Personal Computer News11th March 1983
Published in Personal Computer News #001
Microsoft Flight Simulator
There are flight simulators and there are flight simulators, but this one is the real McCoy. Far more than just a game, the Microsoft simulator is realistic enough to qualify as a serious training aid for prospective pilots, or those with a passion for flying and no cash to indulge it.
Even the simplest flight in this mock Cessna 182 plane is fraught with complexity, especially when landing, so if what you want is a cheap and cheerful flip around the block, this program is not for you.
As a pilot, you can select and fly a vast number of routes about the North American continent. You have a choice of 22 detailed airport layouts to take off from or land at, in weather conditions ranging from daylight with no wind and not a cloud in the sky through to pitch darkness and solid clouds with a tornado ranging.
And when you have had enough of serious flying, a bonus in this package is 'British Ace', a European World War I dogfight game. As the British ace pilot, you must shoot down at least five German fighters - with different capabilities - and bomb aerodromes and factories.
You battle it out in real time, so it is advisable to learn to handle your aircraft using the flight simulator program before tackling this game. This is one situation where learning on the job will not see you through.
My first attempts to take off, fly and land ended in disaster. Time after time, the messages 'Crash' or 'Splash' flashed on the screen to let me know that, once again, I had written off my aircraft and myself.
Even when I finally got the hang of it sufficiently to get off the ground and tackle a 25 knot surface wind and some cloud and turbulence, brown paper bags were called for as I steered my way through some amazing attitudes.
Then it was panic stations as I headed into cloud and the view ahead became completely opaque.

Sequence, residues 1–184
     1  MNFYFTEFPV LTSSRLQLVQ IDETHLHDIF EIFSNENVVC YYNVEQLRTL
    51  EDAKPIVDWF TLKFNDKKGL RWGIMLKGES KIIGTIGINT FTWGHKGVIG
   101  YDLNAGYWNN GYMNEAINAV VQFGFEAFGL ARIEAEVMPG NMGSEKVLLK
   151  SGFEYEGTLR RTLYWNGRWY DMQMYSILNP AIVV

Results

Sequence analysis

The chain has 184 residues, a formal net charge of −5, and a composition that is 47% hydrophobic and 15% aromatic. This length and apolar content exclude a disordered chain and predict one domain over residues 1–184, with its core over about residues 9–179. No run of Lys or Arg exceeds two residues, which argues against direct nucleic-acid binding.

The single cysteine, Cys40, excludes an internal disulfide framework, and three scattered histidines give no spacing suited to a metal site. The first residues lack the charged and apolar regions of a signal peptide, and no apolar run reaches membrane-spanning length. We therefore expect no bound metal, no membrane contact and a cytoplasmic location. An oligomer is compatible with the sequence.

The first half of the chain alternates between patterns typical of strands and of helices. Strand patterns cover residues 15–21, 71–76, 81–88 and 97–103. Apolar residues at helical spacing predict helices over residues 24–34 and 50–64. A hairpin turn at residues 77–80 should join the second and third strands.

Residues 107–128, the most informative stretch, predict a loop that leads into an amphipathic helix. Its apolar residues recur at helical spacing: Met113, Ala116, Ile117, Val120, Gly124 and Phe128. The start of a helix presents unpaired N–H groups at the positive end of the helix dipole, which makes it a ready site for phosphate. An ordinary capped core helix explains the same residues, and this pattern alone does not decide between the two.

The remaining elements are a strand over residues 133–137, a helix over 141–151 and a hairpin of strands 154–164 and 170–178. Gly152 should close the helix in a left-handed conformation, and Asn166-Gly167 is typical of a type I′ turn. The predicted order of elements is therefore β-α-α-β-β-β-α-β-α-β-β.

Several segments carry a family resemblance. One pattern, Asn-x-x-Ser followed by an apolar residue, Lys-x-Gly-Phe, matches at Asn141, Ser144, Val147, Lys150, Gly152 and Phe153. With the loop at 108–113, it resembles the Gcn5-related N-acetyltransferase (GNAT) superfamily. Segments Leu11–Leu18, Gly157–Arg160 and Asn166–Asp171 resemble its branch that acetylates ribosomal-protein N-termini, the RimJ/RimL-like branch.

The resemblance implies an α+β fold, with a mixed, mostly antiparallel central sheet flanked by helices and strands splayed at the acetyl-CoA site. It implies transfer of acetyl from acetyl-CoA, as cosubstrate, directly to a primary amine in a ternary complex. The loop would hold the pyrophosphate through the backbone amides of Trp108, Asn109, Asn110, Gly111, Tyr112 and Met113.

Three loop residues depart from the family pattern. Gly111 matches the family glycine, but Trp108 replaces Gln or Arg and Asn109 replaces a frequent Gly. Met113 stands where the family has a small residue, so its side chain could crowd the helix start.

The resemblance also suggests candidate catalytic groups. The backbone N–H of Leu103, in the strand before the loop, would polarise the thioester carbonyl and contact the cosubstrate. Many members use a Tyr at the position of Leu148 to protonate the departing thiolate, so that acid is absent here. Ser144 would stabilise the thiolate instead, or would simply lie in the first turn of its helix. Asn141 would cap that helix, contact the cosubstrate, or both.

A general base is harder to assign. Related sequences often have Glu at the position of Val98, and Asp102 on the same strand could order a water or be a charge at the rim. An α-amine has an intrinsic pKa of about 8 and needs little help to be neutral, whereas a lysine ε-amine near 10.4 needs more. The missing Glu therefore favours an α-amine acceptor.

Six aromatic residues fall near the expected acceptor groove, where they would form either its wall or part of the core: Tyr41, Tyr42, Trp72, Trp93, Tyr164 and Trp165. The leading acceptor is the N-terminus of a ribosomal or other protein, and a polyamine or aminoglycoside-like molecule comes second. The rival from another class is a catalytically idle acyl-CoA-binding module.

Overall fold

While I was recovering from this shock, my aircraft did a poor impression of a ship, till it was a relief to get back onto dry land again.
The program comes packaged simply and neatly in a green box with a glossy illustration of a cockpit and runway. There is a 100-page instruction manual, which is easy to read and understand.
Illustrations and maps explain the aircraft controls and instruments clearly, but I would advise anyone using the simulator beyond simple flights to invest in a full set of navigational maps and flying manuals, to get the most out of the program.
The program starts by asking you to select your monitor type so it can format the best possible graphic display. You then select demonstration, flight or back-up mode.
If you choose to fly, the instrument panel appears, and your aircraft is placed on the runway of Meigs airport, just outside Chicago, pointing due north. If you prefer to take off from somewhere else, it's easy to move your aircraft to any position within your program's 'world' - and that includes the whole of North America.
Once you have picked your starting point for the flight, taxi-ing is easy and take-off straightforward - unless you set adverse environmental conditions.
In the air the plane responds realistically, given the limitations of a two-dimensional cockpit view. You can choose from nine viewing angles, which helps to compensate for this. But the elevator and trim controls are distinctly sluggish, and the sound is so bad that it's best turned off.
Navigation is not all that easy, and needs to be well thought-out and planned before take-off. Once you are within range of your destination, the really difficult part begins, as it is no mean feat to gauge the distance to the runway.
Lots of practice is the only solution here. During this phase, information from the air traffic controller - scrolled across the top of the display - is rather sparse. More would help, and would add to the realism, since a pilot would normally be in radio contact with the airport at this time.
This is a program for the dedicated, suitable for people who are prepared to spend many hours in the 'cockpit' learning how to fly. Its long term appeal for them is undoubted, though less serious flyers could soon admit defeat.
The instrumentation is excellent, generally with a rapid response to the controls, and the layout is well designed. With so many variables available for the pilot to set, it can be tailored to fit just about any level of skill.
Unfortunately, with such a large area of the world to cover and display, the resolution of the screen gives a rather jerky and lumpy appearance. Colours, too, are not quite realistic, and although the graphics are excellent, I have to fault it on sound effects.
All in all, though, this is a remarkably well-designed program, and a real bargain. But don't expect to be able to fly an aircraft once you have mastered it.